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1 Peter 5:1–3
From the Confessions: Treatise on the Power and Primacy of the Pope
Cyprian calls this custom a divine tradition and an apostolic observance, and affirms its observance in almost all the provinces. Therefore, since, neither ordination nor confirmation was sought from a bishop of Rome in the greater part of the world, whether by Latin or Greek churches, it is amply clear that the churches did not grant superiority and control to the bishop of Rome at that time.
Pulling It Together
Whether or not we can trust Cyprian’s knowledge of traditions and observances of such distant memory is one thing. After all, he lived in the first half of the third Century. Perhaps this is the way they chose bishops in apostolic times, but probably not (Acts 14:21–23; Titus 1:5). The Didache, what most scholars now believe to be a first century manual of Christian practice, declares, “Therefore, choose for yourselves bishops and deacons worthy of the Lord…” (Didache 15:1). At some time in the first century, it appears churches were choosing their bishops.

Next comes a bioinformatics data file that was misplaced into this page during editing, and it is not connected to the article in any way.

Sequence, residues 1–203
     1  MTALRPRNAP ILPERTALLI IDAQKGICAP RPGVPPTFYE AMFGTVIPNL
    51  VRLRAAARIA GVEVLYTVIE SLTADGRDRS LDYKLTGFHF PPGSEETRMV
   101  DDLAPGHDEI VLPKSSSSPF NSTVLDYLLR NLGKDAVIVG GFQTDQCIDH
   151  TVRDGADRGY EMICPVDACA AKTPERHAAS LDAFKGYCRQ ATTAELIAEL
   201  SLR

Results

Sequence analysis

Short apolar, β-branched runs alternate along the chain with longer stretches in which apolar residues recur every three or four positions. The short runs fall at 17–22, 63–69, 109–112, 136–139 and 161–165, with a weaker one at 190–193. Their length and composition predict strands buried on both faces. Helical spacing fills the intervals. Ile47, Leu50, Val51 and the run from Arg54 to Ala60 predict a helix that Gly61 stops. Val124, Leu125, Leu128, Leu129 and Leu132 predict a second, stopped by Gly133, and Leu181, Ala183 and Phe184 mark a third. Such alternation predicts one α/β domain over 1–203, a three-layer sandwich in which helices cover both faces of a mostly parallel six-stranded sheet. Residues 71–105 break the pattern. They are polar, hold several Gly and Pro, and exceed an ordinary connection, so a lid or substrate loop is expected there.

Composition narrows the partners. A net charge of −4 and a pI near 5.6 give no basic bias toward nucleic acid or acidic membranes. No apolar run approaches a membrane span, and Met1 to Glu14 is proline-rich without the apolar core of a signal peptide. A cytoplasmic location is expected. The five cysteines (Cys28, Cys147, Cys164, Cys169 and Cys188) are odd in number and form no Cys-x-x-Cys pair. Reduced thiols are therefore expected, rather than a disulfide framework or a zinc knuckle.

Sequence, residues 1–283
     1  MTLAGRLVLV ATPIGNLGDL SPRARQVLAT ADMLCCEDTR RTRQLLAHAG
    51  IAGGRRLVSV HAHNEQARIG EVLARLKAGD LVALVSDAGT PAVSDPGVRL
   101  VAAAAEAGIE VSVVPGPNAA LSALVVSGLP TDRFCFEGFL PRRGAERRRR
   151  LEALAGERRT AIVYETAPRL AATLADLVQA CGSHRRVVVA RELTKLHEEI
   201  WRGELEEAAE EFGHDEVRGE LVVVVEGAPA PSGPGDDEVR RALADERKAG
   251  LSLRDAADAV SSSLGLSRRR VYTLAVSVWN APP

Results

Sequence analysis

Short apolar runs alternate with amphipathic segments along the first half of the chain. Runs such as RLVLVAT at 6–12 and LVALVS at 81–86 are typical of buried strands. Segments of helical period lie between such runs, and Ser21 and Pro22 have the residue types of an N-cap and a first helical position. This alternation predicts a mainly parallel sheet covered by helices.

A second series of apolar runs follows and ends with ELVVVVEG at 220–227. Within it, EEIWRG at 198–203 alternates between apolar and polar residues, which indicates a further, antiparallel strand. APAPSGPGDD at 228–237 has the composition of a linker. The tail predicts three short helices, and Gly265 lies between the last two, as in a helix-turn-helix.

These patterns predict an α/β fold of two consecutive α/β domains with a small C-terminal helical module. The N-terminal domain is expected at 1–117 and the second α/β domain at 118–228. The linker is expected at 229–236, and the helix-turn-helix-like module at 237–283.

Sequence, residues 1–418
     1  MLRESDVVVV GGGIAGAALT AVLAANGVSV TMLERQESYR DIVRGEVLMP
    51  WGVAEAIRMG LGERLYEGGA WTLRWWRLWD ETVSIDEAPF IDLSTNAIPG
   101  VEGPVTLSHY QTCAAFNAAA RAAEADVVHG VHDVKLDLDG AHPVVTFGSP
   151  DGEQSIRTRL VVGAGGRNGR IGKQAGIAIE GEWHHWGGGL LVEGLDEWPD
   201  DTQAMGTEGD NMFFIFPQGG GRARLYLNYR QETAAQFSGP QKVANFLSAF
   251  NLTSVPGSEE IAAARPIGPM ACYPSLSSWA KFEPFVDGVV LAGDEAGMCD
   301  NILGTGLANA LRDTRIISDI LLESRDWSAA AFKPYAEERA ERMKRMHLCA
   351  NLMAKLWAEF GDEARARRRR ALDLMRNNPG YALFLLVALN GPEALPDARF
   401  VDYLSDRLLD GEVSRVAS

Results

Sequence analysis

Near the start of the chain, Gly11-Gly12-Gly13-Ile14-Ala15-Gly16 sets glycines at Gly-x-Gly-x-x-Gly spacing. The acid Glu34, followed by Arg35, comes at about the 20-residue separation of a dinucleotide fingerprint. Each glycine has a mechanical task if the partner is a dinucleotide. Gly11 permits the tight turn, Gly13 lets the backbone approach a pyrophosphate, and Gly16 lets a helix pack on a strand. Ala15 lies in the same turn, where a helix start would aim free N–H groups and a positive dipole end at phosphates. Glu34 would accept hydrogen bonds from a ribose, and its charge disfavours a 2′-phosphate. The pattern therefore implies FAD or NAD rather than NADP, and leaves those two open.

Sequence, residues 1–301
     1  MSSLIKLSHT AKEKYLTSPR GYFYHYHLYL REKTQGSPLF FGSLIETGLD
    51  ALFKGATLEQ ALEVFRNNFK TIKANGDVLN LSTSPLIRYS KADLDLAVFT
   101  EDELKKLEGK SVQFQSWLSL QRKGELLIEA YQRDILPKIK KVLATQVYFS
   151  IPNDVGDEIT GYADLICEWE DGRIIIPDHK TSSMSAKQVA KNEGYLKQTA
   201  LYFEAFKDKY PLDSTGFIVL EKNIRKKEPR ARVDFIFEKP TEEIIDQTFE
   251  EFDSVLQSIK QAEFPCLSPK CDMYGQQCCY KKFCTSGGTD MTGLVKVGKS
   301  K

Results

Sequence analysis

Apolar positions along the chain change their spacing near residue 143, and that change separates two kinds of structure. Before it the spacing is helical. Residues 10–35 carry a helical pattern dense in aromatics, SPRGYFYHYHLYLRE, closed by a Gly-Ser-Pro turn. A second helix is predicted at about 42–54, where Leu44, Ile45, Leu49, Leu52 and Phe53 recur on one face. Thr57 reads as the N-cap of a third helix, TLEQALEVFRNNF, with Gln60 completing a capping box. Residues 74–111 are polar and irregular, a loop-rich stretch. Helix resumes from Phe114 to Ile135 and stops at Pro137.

In addition, we know what the Reformers wanted: bishops who were equals. Furthermore, we know what Scripture teaches: that they are to exercise no command or supremacy over the flock entrusted to their care.
Prayer: Give us humble leaders, Lord. Amen.
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We Still Believe is a Bible study resource reflecting on key themes in biblical Lutheran doctrine that are at risk in the Church today. It is offered in the hope that it will inspire individuals and congregations to examine the core beliefs of traditional Lutheranism and how these beliefs apply to our own present context. Written in a question and discussion style by Pastor Steven King, the participant's book includes an introduction to and copy of the faith statement known as the Common Confession.